Monotony of misspelling monogamy

Some people might think that reporting on misspellings is an exciting adventure of stumbling upon one thrilling typo after another. Not so! It can get monotonous and it’s really not a challenge, especially if you read anything on Yahoo! Shine, like this headline:

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I must admit, however, I felt a bit of a tingle discovering this new coinage used to describe the boredom in marriage.

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Just in case you missed it. Just in case you missed it.

Someone on the Yahoo! front page team wants to be sure you read about this NBA star:

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Someone on the Yahoo! front page team wants to be sure you read about this NBA star.

Spelling 101 with chanterelle mushrooms

A writer for a food-related Web site like Yahoo! Food ought to be able to spell chanterelle:

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Totally blindsided

If you’re going to spell a word phonetically, be sure you can pronounce it correctly. I was totally blindsided by this obviously mispronounced word on Yahoo! Music:

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You can be nearsighted, shortsighted, and farsighted. But blindsighted? I just can’t see that.

When it’s time to find another line of work

How do you know it’s time to consider another profession? When you can’t spell the one you have now, like the editor who wrote this on Yahoo! Shine:

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The real victim: The English language

I was reading about Rihanna and the whole “blame the victim” mentality on Yahoo! Shine when I was struck by the real victim in the story: English. Specifically, spelling, though this omission adds to the assault on the language:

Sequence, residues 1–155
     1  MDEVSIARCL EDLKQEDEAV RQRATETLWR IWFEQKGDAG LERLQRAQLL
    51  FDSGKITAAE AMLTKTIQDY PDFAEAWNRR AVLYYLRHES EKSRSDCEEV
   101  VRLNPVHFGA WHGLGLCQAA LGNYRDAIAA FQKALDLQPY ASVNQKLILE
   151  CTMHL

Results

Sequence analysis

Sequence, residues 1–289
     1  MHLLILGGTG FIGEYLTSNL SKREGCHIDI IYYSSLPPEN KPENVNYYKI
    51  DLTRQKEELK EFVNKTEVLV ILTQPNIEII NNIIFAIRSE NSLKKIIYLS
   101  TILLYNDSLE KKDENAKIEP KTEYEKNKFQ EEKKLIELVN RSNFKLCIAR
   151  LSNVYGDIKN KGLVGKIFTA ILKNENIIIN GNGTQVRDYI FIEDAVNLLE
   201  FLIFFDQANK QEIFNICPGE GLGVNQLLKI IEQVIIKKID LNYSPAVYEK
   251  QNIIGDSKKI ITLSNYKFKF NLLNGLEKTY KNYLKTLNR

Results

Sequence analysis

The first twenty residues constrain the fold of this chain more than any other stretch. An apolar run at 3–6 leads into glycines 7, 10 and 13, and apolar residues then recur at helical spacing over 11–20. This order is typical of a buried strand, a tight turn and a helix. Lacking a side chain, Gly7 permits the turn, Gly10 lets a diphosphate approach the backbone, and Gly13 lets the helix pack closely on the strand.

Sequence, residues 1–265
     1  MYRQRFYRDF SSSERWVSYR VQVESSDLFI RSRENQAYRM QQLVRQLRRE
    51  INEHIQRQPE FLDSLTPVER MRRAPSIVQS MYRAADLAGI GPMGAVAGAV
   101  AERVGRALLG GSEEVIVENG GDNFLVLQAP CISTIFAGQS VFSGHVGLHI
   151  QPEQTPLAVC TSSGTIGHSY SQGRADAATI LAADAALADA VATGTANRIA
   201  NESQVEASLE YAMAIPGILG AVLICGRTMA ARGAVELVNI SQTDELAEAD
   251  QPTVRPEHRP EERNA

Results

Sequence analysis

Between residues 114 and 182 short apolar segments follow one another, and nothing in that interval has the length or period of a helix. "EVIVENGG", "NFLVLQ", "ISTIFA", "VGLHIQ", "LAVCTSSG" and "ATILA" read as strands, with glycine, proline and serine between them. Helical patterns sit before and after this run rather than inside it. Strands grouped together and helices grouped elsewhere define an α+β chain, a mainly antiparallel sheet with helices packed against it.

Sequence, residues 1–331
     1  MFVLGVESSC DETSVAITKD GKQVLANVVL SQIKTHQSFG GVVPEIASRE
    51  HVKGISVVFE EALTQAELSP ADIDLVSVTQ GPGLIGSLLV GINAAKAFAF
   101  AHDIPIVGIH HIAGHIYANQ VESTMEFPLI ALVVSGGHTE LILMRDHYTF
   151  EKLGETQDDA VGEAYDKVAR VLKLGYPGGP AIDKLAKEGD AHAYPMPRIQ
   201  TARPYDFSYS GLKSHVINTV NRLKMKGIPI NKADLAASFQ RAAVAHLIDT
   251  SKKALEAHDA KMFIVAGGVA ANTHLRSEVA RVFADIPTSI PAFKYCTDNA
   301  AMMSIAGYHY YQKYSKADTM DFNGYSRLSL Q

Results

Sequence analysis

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Maybe it’s time for a restraining order to stop this writer from using words like syphilis:

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and occurrence:

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and even victim:

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Anyone who can’t spell, use a spell-checker, or refer to a dictionary should not be allowed within 500 feet of a keyboard.

Imagine you’re a writer

Imagine you’re a writer covering New York Fashion Week for a big-name Web site like, oh, Yahoo! Shine. How careful would you be to spell the event’s name correctly? And even more important, to spell the name of the designer whose show you are viewing?

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I can’t imagine anything worse than misspelling Kimora Lee Simmons’ name when writing about her runway show. This typo pales in comparison:

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But misspelling Patricia Field’s name is a close second in the “sloppy writing” category:

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Try to publish something like this hot mess in the same blog and a good editor would pull you aside:

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Yes, a good editor would pull you aside and say, “Honey, I know you took all those notes about the music and you think people care, but no one can read this.  Try using some punctuation. Or a list. Or try writing a whole blog post just about the music. But, really, Sweetie, this is just freaking awful.”

A little punctuation here (and one fewer and) would be helpful:

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Imagine you’re a writer and produced these errors. Imagine your embarrassment.

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